Most Ohio traffic laws apply equally to all drivers. Whether you are in your own car or behind the wheel of a semi, you must obey posted speed limits, stop at red lights, and stay in your lane unless you signal and wait until the way is clear before moving over.
Commercial drivers do have a few extra legal obligations. These include qualifying for a commercial driver’s license, operating only the types of vehicles your CDL covers, limiting hours of driving according to standards set by state and federal regulators, and keeping rigs in good repair. Violating one of the rules that apply particularly to commercial drivers can result in a lengthy CDL suspension, which translates into not being able to work. This is especially true when it comes to charges of driving under the influence of alcohol or drugs. Another unique sanction, which amounts to a license suspension, is an out-of-service penalty.
DUI Penalties for Commercial Drivers in Ohio
Ohio limits commercial drivers to a blood alcohol concentration of .04 when they are operating a vehicle for work. State law enforcement officials, prosecutors, and judges also recognize legal limits for the following drugs:
Testing at or above a legal limit results in an automatic administrative license suspension that lasts at least 90 days. Refusing to submit breath, blood, and urine samples for alcohol and drug testing will also result in an ALS lasting one year as well as a CDL disqualification for one year. Unless the administrative suspension is successfully appealed within 30 days, it remains in effect for the entire period and no commercial driving privileges are allowed. Because no commercial privileges means no work, you need the help of an Ohio commercial driver DUI attorney to help you stay employed.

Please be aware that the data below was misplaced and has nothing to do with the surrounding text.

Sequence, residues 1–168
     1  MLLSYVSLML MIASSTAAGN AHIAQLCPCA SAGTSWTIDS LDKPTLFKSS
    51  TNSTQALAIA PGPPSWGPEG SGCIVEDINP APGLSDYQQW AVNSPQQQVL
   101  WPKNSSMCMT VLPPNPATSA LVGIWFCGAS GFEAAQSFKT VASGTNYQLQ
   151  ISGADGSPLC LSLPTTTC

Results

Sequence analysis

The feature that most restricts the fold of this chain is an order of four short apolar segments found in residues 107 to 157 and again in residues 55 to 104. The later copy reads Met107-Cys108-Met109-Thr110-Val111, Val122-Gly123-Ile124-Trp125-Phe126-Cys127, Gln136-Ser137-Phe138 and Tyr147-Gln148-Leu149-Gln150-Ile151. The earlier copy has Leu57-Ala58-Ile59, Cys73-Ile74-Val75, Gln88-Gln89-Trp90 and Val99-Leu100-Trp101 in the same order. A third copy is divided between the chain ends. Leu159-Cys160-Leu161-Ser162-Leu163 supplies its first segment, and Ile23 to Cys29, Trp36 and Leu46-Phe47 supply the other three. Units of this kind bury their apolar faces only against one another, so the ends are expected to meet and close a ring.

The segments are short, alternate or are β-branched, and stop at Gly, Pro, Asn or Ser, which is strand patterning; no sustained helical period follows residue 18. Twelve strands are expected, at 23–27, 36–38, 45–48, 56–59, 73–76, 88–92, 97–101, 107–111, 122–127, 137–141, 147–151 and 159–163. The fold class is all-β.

Drivers who hold CDLs lose their commercial driving privileges if they have their personal driver’s license suspended for any DUI charge. This means that getting pulled over for suspicion of driving under the influence in your own car can cost you your CDL.
A conviction or guilty plea for a drunk or drugged driving charge puts six points on a CDL and brings a court-ordered suspension. Having a CDL reinstated can require taking written and road tests again.
Out-of-Service Penalties for Commercial Drivers in Ohio
Being ordered not to drive a commercial vehicle for a period lasting from one day to several years is a standard penalty for violating the following Ohio laws and ordinances:
An out-of-service order is issued in addition to any fines or criminal penalties resulting from a traffic ticket or legal violation.
Request a free case consultation with an Ohio commercial driver DUI and traffic ticket attorney by calling The Maher Law Firm at (614) 205-2208. You can also schedule an appointment online.